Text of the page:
The next stage was to figure out how the text should be split across 32-or-so pages and come up with a rough idea of how each page would look. I had already made the decision that the ‘real’ tiger should only appear on the last double page spread. This way, not only the children in the story but the reader would not be entirely sure whether there really is a tiger. Another idea was to give the little boy a cuddly toy tiger – this would act as a visual tool to help the reader conjure up the idea that there is a tiger out there. Another idea, inspired by the line ‘cross my heart’ – which appears throughout the story – was to place a hidden heart-shape on every page. Sometimes the heart shape is made from a blade of grass or appears as a ripple in the water.  I also spent quite a bit of time making sure there was enough variety in terms of perspectives – wide shots verses close-up, double page spreads verses one page of illustration.  At this point I also decided on the colour palette – I decided we should go bright – to match the vibrant orange of the tiger.

 

 

 

 

 

 

Storyboard and colour palette

 

 

The storyboard was then sent to Little Hare and over a few weeks we made little tweaks. Once I got the thumbs up – I made the final sketches to scale and then got to work prepping the paper.

Final sketch and prepping the paper!

 

To create the collages, I first roll acrylic paint on to a variety of textured paper. Then, working with the final sketches, I trace, cut and stick! All of my illustrations are made entirely by hand. It is labour intensive but I much prefer it to using a computer. The other plus about collage is it’s flexibility as I can keep moving the pieces around until I am happy and, only then, glue them down.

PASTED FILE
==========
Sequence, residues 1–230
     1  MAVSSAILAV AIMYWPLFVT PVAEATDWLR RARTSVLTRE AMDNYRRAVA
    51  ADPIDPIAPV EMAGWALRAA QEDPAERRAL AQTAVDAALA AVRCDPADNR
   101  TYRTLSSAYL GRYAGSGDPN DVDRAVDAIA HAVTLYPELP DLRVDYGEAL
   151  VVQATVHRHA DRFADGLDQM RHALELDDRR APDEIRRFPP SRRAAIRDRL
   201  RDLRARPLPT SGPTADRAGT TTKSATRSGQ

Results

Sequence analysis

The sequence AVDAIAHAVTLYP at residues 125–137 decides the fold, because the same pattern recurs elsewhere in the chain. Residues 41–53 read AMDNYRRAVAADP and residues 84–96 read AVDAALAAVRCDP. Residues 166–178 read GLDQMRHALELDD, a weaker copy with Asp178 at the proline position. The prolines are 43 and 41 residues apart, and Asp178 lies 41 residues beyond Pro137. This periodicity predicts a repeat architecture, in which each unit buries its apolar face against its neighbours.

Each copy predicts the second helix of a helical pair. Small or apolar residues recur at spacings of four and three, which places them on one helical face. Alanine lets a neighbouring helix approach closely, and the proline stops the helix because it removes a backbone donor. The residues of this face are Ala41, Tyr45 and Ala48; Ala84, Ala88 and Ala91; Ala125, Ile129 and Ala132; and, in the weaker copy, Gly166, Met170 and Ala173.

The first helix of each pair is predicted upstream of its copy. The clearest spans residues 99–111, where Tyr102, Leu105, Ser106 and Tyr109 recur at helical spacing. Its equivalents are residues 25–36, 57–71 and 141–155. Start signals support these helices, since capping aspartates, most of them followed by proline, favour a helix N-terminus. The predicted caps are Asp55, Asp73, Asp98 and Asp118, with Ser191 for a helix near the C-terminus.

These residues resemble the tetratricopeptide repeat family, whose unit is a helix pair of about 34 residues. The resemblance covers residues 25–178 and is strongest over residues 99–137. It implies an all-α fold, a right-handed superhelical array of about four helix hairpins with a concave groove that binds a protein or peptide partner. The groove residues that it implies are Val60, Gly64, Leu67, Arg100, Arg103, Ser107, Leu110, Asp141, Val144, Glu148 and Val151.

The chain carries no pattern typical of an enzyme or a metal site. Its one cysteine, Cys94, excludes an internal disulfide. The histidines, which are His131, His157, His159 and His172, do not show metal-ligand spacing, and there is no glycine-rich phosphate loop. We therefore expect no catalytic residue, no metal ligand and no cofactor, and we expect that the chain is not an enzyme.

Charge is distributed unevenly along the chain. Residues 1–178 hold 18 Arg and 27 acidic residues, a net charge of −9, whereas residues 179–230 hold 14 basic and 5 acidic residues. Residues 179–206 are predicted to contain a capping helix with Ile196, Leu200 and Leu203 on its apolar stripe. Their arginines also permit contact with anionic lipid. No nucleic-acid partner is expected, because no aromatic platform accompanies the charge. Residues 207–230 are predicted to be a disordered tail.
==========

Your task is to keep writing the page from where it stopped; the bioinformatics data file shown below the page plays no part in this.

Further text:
Every time I finished a double page spread, I would scan and send it to Little Hare for their thoughts. To me this proved to be an efficient way of working as it allowed me to make tweaks as I went along, rather making lots of changes at the end – when time is tight.

Watch videos of the making process:

 

 

 

 

 

Overall the entire project took about 3-4 months. Much quicker than usual due to my own time constraints (normally I would allocate 6 months). I then packaged it all up and hand delivered it to Little Hare’s production office!

 

 

 

 

 

 

The whole project was a joy to work on from start to finish. And I learnt so much along the way.

Ruth Waters | http://www.ruth-waters.com | https://www.instagram.com/ruthpwaters/

The Accusation: an interview with Wendy James

I am delighted today to be bringing you an interview with the fabulous author Wendy James, whose multi-layered domestic noir novels, with their gripping, twisty plots, complex characters with brilliantly-observed relationships, and sharp commentary on contemporary life, have earned great acclaim and a devoted readership. I certainly always much look forward to reading her books, because I know I’m in for a real reading treat(and I’m not just saying that because as well as being a fellow author, Wendy is a dear friend!) A couple of years ago I interviewed her when her previous book, the extraordinary novel The Golden Child came out; and today, I’m interviewing her about her brand-new novel, The Accusation, a disturbing, suspenseful read which plunges us into a world of small-town secrets and social-media storms, with at the heart of it, a monstrous accusation which will pit two women against each other. But who is telling the truth? Who is lying? As events unfold with frightening rapidity, everyone takes sides…

First of all, Wendy, congratulations on your new novel! It’s a brilliant, gripping and disturbing thriller and very contemporary in feel, yet as you mention in your afterword, it’s inspired by a classic crime novel, Josephine Tey’s The Franchise Affair.  Can you tell us a bit about that, and how the idea developed from that initial inspiration, including how it diverges from it?